China voiced its opposition to unilateral sanctions on Eritrea during a visit Wednesday by its foreign minister to the Horn of Africa nation.
The United States slapped sanctions on Eritrea last year over the brutal conflict in neighbouring Ethiopia, a move Asmara branded “illicit and immoral.”
Eritrean and Ethiopian forces have been accused of carrying out rape and massacres in the war-hit northern region of Tigray, and Washington has repeatedly urged Asmara to withdraw its troops.
Chinese Foreign Minister Wang Yi held talks with President Isaias Afwerki and Foreign Minister Osman Saleh on Wednesday on the first leg of a three-nation African tour.
“Both sides agreed to uphold the common values of peace, development, fairness, justice, democracy and freedom for all mankind, and oppose hegemonic interferences in the internal affairs of other countries under the pretext of democracy and human rights,” said a joint statement by the two foreign ministers.
“The Chinese side stands against any unilateral sanctions on Eritrea,” it said, adding: “The Eritrean side reaffirms adherence to the one-China principle.”
Wang’s trip to Eritrea, one of the world’s most closed-off countries, will be followed by visits to Kenya and the Comoros.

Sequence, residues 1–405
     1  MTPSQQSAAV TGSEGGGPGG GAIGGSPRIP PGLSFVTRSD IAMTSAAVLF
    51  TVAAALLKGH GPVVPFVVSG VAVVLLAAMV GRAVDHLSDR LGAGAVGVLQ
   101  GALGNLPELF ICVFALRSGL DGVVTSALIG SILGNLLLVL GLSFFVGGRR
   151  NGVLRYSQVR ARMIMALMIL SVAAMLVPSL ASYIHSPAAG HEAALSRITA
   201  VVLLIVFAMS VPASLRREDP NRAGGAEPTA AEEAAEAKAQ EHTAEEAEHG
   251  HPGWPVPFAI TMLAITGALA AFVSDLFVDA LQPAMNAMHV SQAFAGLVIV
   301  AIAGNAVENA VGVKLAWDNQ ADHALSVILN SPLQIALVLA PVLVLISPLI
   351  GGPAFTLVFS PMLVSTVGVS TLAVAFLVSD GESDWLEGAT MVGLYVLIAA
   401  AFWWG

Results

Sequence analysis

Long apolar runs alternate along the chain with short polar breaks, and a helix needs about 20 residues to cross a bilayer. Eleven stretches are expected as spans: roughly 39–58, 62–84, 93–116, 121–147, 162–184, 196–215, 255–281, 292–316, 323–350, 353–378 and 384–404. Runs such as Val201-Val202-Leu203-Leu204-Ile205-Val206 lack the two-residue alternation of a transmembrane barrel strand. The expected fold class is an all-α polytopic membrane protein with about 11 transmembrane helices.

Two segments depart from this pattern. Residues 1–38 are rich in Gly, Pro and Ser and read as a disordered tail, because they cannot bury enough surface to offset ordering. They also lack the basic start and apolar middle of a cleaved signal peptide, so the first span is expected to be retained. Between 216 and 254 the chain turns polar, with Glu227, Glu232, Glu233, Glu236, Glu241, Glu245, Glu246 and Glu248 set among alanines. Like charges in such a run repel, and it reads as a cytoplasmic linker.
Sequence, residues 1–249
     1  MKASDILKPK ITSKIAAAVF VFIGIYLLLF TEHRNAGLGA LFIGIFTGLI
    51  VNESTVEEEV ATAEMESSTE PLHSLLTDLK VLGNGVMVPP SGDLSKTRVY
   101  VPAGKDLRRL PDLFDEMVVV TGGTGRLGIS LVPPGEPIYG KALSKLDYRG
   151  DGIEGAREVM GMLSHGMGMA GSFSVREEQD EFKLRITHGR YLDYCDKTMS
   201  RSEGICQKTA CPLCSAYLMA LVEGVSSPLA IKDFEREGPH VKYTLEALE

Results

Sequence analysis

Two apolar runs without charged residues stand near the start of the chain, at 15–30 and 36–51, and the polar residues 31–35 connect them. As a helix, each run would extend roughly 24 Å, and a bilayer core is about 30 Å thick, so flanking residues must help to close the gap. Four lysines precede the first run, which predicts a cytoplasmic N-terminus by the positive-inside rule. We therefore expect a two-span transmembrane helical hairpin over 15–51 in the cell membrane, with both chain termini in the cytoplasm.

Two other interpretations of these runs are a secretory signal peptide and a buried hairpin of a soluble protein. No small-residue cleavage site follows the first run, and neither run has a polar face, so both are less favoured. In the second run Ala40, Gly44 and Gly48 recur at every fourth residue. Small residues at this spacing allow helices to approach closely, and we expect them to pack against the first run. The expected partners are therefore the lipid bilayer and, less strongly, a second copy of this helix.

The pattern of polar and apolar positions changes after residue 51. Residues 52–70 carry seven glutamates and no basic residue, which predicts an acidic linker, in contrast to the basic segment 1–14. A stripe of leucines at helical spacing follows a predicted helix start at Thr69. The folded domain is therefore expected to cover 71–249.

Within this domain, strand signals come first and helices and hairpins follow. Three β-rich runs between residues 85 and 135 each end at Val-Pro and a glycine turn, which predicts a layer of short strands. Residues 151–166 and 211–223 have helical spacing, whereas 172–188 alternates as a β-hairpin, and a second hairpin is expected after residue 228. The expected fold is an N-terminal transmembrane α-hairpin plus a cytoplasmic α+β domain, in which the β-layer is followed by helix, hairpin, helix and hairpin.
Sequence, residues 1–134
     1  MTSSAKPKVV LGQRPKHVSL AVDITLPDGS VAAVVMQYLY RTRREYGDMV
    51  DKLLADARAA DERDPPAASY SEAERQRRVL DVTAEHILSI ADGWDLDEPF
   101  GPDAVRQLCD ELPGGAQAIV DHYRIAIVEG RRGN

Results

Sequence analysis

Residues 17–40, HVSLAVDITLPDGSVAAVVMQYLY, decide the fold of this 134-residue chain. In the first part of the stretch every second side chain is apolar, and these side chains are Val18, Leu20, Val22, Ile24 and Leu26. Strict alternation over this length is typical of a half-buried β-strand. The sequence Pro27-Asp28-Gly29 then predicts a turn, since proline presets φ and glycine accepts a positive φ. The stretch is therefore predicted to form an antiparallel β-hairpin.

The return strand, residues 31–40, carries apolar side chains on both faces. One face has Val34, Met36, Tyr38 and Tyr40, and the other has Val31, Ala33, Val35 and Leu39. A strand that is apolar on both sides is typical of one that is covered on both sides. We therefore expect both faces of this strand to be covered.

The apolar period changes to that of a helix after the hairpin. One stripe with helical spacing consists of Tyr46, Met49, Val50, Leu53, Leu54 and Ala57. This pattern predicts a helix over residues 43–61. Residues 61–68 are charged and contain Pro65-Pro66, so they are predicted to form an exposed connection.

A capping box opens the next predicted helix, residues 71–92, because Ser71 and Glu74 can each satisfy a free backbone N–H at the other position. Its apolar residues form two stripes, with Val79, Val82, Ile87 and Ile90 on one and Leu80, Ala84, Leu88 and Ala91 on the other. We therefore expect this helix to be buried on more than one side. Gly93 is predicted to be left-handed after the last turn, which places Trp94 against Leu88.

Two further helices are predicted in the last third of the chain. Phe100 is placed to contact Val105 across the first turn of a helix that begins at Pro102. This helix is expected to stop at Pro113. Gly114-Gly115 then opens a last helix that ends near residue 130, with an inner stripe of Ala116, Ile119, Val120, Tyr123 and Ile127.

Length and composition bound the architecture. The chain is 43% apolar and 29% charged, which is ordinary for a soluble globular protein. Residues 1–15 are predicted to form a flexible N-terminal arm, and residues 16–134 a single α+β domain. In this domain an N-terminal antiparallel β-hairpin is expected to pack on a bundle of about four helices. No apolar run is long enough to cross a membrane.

To the dismay of the West, China has ramped up its involvement in Africa in its search for resources and has embarked on an infrastructure-building blitz under the so-called Belt and Road investment strategy.
China is the continent’s largest trading partner with direct trade worth over $200 billion in 2019, according to official Chinese figures.
Eritrea in November joined several dozen other African nations in signing up to the Belt and Road Initiative.
Chinese foreign ministry spokesman Zhao Lijian said last month that Wang’s regional trip aimed to deepen cooperation with the African countries and support them “in defeating the pandemic and bringing about economic recovery at an early date.”
At an Africa-China summit in Senegal in November, Beijing pledged to offer one billion Covid-19 vaccine doses to Africa and help African countries overcome pandemic-related economic woes “without imposing its will”.